Fibromyalgia, ‘goodism’, self-sacrifice,”giving yourself away”

untitled“Self development is a higher duty than self sacrifice”, Elizabeth Stanton

As I read more and more about brain mapping and how to change the pain mappings in my brain I am reminded about how intensely I wrote in my book regarding the highly sensitive person (HSP, according to Elaine Aron). This is the ’empath’, the person who senses what other people are feeling and takes on the emotions of others as though they were her/his own( I don’t mean this in the usual sense of the ‘psychic’ person, or in any mystical way). I still stand by that description of the person with fibromyalgia. We are like a toxic sponge! Now, I believe that this type of person (mainly, but, of course not solely, women) has the personality characteristics of the self sacrificing, doing good for others (what  Dr. James Rochelle calls ‘goodism’) and ‘giving yourself away’ (a term Nick Matheson coined). When I think of Florence Nightingale on this May day, her birthday month, suffering from fibromyalgia, I think of her as a primary example of self sacrificing.

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The Stigma of Fibromyalgia, a Women’s ‘Condition’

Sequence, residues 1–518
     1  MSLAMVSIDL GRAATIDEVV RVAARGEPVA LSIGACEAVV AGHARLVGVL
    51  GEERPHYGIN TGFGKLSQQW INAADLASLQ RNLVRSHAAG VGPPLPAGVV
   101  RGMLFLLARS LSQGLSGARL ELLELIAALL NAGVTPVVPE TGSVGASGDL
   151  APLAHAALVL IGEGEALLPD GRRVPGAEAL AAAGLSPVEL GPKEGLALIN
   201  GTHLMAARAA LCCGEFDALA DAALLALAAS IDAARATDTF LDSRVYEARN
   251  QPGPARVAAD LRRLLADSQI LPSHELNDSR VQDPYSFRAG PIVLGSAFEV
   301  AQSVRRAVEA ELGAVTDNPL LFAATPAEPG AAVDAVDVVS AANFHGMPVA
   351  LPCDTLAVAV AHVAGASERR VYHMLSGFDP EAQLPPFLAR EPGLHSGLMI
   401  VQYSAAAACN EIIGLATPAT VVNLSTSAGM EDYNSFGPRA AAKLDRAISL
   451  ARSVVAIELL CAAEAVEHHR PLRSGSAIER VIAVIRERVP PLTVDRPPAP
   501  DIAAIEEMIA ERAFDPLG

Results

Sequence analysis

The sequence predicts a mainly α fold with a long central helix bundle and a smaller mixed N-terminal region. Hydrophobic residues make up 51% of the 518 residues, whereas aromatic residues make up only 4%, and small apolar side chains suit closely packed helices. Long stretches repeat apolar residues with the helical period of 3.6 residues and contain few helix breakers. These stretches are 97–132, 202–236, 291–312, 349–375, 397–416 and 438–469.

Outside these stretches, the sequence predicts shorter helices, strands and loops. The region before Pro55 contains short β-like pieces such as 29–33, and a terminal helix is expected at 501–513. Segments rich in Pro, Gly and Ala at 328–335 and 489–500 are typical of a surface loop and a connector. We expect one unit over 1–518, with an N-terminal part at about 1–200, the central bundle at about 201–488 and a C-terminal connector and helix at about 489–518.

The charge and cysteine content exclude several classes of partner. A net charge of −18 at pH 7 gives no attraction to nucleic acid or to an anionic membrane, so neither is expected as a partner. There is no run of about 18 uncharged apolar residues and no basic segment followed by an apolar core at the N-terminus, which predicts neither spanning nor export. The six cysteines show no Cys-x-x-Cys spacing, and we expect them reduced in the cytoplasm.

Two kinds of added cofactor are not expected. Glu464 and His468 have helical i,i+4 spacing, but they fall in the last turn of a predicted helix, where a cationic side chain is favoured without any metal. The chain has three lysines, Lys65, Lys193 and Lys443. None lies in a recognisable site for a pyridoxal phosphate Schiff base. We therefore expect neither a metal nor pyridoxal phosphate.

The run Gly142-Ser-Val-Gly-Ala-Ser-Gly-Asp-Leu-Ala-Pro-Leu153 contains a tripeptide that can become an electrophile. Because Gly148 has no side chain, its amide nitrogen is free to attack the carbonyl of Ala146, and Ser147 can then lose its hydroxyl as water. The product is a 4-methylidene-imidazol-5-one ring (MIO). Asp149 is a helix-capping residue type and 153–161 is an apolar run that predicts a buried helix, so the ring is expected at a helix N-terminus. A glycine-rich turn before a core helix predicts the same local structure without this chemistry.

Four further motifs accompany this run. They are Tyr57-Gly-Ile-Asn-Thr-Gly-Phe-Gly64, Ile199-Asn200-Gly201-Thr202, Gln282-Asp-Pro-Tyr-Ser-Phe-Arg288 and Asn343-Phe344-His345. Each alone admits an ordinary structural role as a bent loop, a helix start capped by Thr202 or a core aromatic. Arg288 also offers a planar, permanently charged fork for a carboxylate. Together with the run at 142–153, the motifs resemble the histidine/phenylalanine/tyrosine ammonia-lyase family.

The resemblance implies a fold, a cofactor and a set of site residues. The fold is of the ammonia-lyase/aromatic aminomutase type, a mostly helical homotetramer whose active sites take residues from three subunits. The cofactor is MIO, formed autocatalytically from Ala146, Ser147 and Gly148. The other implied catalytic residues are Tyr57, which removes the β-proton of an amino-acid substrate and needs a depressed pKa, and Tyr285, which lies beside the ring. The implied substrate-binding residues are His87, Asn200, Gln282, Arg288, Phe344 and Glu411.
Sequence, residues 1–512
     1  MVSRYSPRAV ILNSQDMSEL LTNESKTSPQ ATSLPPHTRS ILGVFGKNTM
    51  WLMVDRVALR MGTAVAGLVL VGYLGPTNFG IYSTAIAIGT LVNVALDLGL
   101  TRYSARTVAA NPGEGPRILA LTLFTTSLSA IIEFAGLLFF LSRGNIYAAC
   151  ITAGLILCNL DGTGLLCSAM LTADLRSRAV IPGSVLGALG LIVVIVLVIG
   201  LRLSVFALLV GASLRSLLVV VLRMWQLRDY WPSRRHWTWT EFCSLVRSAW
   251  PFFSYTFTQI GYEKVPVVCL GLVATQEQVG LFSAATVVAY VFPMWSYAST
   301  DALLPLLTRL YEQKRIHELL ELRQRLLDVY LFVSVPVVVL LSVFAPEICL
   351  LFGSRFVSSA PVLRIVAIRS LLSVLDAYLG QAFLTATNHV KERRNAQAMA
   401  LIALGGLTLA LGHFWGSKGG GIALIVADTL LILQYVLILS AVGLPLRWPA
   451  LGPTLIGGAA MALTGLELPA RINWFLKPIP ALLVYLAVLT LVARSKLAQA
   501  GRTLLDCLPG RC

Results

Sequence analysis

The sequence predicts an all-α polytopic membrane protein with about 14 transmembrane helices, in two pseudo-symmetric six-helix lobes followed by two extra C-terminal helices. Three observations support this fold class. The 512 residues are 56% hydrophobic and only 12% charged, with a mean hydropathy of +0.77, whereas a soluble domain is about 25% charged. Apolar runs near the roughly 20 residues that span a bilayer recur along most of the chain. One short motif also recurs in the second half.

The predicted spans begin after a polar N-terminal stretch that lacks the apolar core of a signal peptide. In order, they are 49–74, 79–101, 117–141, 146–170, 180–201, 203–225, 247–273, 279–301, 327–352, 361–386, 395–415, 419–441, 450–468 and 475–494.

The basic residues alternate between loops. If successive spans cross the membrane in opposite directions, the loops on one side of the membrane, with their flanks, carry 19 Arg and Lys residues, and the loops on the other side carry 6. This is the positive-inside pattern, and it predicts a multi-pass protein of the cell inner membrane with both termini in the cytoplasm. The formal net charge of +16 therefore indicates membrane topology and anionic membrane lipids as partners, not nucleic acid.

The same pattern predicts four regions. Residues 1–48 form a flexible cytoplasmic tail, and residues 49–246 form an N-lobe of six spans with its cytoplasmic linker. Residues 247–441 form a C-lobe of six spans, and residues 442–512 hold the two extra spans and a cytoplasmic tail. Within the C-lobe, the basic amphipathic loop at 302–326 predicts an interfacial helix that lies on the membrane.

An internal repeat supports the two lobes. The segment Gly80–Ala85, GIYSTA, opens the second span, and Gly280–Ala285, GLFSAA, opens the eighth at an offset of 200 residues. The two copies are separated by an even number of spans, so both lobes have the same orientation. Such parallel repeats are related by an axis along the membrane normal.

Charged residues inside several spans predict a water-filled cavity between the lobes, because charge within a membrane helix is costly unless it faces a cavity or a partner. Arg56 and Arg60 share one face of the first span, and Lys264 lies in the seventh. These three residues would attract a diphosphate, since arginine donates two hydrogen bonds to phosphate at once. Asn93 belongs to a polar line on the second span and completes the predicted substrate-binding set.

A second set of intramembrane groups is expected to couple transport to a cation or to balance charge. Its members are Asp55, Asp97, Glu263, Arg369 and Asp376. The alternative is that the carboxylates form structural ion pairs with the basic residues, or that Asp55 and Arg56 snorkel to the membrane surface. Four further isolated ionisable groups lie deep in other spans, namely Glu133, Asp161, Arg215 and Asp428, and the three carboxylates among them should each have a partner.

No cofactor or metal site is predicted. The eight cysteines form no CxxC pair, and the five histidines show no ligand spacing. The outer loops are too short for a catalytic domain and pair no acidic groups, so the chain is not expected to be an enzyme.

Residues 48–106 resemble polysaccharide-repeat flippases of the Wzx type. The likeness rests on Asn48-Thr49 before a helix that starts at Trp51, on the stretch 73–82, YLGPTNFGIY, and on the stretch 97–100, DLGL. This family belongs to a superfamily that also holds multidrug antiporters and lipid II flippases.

“Being a woman is hard work”, Maya Angelou. angelou

There can be little doubt that fibromyalgia has become very prominent as a serious social and personal condition that affects primarily women. In fact, it is said by some that it is an epidemic of great proportions. Loss of work, physical impairments and challenges, intense pain, decreased income for many, increases in medication consumption, burdens on the health care systems and family disruptions are among the many serious outcomes of this debilitating syndrome. The numbers of people, mostly women, often middle age-aged, who suffer from this condition far outnumber the numbers of those who suffer from such a horrific life threatening disease as HIV/AIDS, even though fibromyalgia is not in and of itself a threat to life. While I do not suggest that comparisons should be made,  or pitting one bitter struggle against another, nonetheless, both HIV/AIDS and fibromyalgia suffer from social stigma, as did the tuberculosis epidemic of decades ago.

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